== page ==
Looking at the initial lineup it is clear that the creators wanted to utilize characters that hadn't seen much screen time in the main Marvel universe. Age of Apocalypse Blink leads a team consisting of Mimic (who was an X-Men for a about five minutes in the main universe but leads the team on his own), a version of Morph similar to the AOA version, Thunderbird who was once under Apocalypse's control as his horseman War before breaking free, Nocturne daughter of Nightcrawler and the Scarlett Witch and Joseph son of Rogue and Magneto. With AOA Blink's popularity there was a very real danger that this book would just be about her but this is clearly not the case and all the characters get ample screen time. The character development here is superb and one of my favorite examples is Mimic's struggles to deal with their missions which often require a fatal solution. Mimic is his reality's version of Captain America and he now finds himself put into a position where he has to kill people he knows as heroes. His struggle with how to deal with this is fascinating.

Right from the get go it is obvious that there will be no punches pulled in this series and one of the original lineup is killed off on the first mission. The writers make full use of the advantage that they aren't dealing with characters from the main marvel universe without taking it too far. One of the most enjoyable aspects of the series is seeing the very different versions of the marvel universe the characters get to visit, everything from plague driven zombie worlds to world's without super heroes.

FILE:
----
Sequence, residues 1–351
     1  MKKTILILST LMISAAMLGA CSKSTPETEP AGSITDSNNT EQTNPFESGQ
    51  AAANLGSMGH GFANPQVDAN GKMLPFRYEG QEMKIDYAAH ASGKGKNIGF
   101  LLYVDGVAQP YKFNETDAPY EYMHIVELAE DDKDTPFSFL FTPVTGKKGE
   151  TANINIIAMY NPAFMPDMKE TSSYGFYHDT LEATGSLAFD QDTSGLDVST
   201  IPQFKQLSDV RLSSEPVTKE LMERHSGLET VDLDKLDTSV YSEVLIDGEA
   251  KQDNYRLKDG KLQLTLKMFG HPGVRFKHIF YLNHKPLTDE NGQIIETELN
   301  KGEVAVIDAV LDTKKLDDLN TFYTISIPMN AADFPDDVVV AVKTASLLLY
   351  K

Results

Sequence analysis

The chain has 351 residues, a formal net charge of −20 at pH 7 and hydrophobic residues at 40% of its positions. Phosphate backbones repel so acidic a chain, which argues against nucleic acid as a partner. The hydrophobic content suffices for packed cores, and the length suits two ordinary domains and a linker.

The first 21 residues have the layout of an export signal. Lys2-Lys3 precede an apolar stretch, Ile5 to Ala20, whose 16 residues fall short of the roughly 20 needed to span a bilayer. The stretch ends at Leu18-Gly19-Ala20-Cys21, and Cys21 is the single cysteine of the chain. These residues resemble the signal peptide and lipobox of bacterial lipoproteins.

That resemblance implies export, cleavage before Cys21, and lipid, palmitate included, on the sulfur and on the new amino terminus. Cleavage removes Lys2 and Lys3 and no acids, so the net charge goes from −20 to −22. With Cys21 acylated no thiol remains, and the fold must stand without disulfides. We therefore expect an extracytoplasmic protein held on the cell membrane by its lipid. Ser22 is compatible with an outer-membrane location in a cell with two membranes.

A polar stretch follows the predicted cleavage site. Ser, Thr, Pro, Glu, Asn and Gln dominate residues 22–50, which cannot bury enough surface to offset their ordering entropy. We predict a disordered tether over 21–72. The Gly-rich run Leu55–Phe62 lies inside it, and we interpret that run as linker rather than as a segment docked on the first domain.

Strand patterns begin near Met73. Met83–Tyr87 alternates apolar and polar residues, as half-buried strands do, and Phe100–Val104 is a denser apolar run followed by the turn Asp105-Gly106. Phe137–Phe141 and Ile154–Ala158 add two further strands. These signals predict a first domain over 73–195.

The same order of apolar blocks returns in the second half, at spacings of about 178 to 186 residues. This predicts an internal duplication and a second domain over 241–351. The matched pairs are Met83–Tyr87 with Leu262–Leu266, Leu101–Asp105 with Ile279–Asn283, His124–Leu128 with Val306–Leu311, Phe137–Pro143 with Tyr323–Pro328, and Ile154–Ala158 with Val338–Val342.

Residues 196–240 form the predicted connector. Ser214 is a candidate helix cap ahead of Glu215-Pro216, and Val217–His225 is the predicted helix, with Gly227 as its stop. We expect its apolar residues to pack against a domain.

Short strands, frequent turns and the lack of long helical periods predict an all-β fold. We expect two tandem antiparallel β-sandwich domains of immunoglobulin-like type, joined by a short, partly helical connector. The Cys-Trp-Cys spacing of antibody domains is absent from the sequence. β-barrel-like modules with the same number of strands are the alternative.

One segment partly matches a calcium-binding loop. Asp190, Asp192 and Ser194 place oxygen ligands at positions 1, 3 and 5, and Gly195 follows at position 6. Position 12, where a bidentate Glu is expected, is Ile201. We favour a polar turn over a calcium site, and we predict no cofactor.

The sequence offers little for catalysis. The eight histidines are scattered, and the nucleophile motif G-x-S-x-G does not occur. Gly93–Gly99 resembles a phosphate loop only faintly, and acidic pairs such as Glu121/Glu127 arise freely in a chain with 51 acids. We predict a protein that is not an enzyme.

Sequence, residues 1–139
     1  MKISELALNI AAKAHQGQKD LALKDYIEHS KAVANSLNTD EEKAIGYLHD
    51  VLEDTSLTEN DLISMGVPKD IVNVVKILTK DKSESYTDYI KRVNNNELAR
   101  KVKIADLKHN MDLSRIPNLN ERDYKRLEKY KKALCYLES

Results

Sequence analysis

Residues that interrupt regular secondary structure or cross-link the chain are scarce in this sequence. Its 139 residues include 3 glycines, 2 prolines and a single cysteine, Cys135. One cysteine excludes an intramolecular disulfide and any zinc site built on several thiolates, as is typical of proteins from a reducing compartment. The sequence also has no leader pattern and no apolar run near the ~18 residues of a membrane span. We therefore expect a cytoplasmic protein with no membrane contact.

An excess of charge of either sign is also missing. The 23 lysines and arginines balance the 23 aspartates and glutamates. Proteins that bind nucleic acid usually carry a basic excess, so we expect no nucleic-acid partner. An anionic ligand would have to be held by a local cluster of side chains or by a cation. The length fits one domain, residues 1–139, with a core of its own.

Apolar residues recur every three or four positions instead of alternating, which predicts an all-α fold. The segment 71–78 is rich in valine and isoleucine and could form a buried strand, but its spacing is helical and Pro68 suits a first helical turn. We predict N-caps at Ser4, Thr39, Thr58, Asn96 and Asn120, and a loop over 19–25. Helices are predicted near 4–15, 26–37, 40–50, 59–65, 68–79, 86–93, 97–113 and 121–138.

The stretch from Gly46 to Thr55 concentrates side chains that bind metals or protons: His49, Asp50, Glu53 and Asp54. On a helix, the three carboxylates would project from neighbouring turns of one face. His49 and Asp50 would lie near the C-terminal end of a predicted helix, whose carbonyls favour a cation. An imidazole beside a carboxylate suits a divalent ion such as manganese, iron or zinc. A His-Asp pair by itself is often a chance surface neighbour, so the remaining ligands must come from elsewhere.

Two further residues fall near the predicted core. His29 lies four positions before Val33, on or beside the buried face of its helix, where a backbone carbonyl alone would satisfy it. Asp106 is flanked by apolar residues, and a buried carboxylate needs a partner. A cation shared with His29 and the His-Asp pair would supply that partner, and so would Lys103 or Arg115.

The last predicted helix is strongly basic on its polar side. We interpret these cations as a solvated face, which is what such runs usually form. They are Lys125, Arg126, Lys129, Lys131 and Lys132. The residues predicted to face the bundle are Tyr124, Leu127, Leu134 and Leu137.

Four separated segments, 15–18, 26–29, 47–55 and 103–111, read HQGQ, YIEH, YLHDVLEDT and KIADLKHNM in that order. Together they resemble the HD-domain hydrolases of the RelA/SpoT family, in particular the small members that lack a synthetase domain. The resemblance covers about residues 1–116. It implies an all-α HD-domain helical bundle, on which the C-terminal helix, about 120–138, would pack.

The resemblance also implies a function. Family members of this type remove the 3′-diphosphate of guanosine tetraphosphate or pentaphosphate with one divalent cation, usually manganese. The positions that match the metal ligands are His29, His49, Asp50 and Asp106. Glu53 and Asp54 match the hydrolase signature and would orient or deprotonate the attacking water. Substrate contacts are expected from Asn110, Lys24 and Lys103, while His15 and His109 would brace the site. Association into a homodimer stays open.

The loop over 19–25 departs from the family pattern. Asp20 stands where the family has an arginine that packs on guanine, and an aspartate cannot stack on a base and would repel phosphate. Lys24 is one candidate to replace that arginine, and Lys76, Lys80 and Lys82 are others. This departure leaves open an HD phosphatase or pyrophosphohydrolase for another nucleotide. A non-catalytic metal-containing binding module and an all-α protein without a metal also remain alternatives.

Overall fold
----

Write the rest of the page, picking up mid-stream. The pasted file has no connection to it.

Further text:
The series continues on very strongly up until about the seventieth issue where it really goes down hill. From that point on the stories don't always make sense and are often rushed and the character development of earlier issues disappears. Still there is a few signs in the 100th issue that the New Exiles might recapture the glory days of the original series.

Overall Exiles is a great series that is strongly character driven. The last thirty odd issues are a bit of a letdown but did enough right that I will check out the new exiles. 8.5/10

Saturday, April 2, 2011

Review: Captain in the Cauldron: The John Smit Story by John Smit and Mike Greenaway

I first became really interested in rugby around 1996/1997 at the age of twelve. One of my Dad's client's had a corporate box at Kings Park and we used to go down to watch the Sharks play virtually every home game. It was also during this period that a young man by the name of John Smit started playing for the Sharks. I watched firsthand while John went from an unknown to the longest serving Springbok captain in history and having the chance to read his autobiography I jumped at it.

First things first; Smit has written this book at the right time, when his career is starting to wind down. There has been a recent trend for sports biographies to come out earlier, (ala Kevin Pieterson) to take advantage of a high profile event (ala England winning the Ashes) and I find this generally lowers the quality as the sport star concerned isn't at the right maturity level and it can degenerate into a mudsling/self praise exercise. No such problems exist here. John strikes the right balance between respecting his peers and not shying away from being blunt when necessary. His takes on Luke Watson and Kevin Putt are good examples of this and I was both impressed and surprised at how frank he was about the politics in Springbok rugby considering he is still playing. Like most autobiographies the story follows John from childhood up until recent times, though the trap of focusing too much on the early days is avoided and the meat of this book deals with the rugby period of his life as it should.

My only criticism would be that there are some areas I would have liked to have seen dealt with that are strangely overlooked, like Smit's feeling on Jake White being pushed out of the Springbok coaching setup after the world cup triumph.

Overall Smit's book is clear and concise and gives an in depth look into the springbok setup. I highly recommend it to supporters of the man himself or Springbok rugby in general. 8.75/10 cauldron